Root canal treatment consists of emptying, cleaning, and filling the tooth canals. It replaces the diseased nerves with a biocompatible material that fills the space inside the tooth and prevents bacteria from infiltrating the deep tissues around the root tip.

After filling the canals, different options are available to restore the tooth shape. Depending on the damage extent, it can be a simple filling, a crown alone, or combined with a post for better hold, when more than half of the tooth is injured.

What happens to the tooth during the crowning procedure?

During the crowning procedure, the tooth undergoes a lot of trauma. To understand the process, you need to know that dentin, the second tooth layer underneath the enamel, contains many canals called tubules. A 1mm section of dentin uncovers 2,000 to 50,000 tubules that lead directly to the pulp. Therefore, the tooth with exposed dentin is more susceptible to bacteria and sensitivity.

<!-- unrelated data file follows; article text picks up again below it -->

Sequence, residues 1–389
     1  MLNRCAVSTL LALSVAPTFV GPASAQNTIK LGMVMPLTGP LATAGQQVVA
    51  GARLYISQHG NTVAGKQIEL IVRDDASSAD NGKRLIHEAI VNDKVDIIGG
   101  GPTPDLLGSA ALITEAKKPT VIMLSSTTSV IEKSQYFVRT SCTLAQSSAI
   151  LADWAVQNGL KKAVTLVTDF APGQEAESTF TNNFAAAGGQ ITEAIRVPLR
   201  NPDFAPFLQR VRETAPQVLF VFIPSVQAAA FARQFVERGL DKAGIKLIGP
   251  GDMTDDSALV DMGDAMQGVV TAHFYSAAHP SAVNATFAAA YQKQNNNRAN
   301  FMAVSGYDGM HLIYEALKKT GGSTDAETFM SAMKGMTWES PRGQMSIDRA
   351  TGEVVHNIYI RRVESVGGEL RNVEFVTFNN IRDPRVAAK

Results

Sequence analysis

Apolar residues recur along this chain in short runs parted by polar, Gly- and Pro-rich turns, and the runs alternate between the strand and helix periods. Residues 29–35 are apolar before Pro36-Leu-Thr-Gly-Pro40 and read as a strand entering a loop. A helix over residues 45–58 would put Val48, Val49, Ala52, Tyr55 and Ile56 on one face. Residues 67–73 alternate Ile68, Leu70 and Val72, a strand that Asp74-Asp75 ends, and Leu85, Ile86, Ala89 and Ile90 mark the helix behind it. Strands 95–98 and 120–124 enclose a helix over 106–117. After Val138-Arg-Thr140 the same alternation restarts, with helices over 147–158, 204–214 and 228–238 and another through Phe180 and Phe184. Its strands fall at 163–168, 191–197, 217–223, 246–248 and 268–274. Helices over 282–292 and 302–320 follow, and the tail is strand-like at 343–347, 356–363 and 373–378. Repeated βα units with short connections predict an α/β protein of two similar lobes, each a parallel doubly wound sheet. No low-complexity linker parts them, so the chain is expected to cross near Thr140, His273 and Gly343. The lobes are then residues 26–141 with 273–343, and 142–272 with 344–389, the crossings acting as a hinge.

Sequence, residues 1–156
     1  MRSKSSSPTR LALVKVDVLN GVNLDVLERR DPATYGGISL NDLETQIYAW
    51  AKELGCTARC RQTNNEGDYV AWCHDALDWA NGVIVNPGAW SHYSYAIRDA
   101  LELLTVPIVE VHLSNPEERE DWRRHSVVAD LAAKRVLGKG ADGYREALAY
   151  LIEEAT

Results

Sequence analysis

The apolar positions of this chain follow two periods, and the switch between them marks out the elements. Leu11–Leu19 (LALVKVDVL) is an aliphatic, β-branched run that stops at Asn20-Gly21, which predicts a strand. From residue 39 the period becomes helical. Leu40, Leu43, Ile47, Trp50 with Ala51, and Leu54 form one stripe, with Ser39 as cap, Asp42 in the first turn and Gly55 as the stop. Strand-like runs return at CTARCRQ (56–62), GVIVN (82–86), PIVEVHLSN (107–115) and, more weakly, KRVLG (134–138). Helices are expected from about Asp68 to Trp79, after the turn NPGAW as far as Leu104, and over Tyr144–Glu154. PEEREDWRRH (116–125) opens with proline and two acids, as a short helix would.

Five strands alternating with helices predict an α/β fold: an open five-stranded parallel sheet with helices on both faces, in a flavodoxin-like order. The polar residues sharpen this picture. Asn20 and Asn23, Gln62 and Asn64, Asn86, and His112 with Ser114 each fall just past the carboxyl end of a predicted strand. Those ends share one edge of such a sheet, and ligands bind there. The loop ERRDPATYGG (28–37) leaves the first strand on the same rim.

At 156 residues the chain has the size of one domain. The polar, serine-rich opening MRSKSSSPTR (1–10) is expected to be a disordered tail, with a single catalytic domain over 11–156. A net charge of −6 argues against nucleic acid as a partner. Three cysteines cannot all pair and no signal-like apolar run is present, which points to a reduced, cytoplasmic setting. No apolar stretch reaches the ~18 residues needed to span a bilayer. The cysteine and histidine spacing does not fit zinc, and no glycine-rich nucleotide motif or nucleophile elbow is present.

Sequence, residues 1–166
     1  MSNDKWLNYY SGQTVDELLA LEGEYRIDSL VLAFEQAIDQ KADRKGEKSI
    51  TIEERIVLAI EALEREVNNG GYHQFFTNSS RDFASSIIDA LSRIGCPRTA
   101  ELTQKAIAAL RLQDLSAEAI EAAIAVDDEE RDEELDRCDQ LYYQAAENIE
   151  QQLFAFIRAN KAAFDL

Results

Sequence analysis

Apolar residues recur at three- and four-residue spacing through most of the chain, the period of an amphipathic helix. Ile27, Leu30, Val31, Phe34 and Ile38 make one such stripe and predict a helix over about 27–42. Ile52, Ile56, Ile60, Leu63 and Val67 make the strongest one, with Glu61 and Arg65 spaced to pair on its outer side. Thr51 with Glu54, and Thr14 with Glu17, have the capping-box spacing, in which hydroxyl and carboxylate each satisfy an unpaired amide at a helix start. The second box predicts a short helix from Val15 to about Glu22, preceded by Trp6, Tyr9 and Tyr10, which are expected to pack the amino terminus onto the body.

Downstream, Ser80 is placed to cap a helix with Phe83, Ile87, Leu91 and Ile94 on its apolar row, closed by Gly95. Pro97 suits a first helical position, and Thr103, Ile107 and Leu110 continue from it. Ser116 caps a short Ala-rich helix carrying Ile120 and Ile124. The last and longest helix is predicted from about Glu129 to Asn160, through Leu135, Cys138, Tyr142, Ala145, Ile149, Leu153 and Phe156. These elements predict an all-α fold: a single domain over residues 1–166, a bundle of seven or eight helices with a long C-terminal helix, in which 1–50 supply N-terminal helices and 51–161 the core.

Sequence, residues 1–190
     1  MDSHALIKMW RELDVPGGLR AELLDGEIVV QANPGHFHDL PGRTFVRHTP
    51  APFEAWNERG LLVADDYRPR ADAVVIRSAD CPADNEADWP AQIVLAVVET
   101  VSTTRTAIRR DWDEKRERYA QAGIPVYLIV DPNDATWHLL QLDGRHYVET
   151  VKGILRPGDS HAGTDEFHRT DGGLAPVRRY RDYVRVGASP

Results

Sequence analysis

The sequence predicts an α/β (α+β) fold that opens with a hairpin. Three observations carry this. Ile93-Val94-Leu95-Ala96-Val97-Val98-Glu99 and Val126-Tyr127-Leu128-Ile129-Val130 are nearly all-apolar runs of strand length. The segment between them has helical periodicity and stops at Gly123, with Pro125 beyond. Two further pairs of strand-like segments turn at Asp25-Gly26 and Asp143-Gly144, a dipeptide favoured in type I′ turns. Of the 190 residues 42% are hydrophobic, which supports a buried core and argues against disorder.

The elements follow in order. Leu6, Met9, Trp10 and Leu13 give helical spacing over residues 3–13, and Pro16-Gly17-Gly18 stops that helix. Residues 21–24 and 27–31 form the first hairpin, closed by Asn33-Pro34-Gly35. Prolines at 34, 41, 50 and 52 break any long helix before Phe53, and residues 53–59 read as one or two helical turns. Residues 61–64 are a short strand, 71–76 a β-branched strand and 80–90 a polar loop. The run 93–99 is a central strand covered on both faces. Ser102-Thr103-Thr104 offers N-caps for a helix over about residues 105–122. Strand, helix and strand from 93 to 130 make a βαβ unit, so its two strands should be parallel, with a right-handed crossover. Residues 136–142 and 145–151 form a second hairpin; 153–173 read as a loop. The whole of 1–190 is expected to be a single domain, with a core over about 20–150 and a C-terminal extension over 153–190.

During the procedure, your dentist must make room for the crown. He will trim the tooth, removing the enamel and leaving a layer of dentin. The thinner it is, the more threatened the pulp is.

In addition, to prepare the tooth, your dentist works with instruments that rotate at very high speed (150,000 rpm to 200,000 rpm). This will expose the tooth to high temperatures and vibrations that can damage the nerves. For this reason, it is not uncommon to experience some discomfort after the procedure, which in most cases is temporary and reversible.

Crowning the tooth is definitely a high-risk procedure for the pulp. But is this reason enough to devitalize the tooth?

Why is root canal treatment not a prerequisite for crowning the tooth?

The nerves of a healthy, living tooth must be preserved, as is the case with a tooth that will receive a crown.

Saving the pulp means preserving the natural defense potential of the tooth. Indeed, the pulp contains the nerves and blood vessels that feed and produce dentin throughout the tooth's life. In response to bacterial aggression, it will form a barrier called reactionary dentin, which prevents the bacteria from approaching the pulp.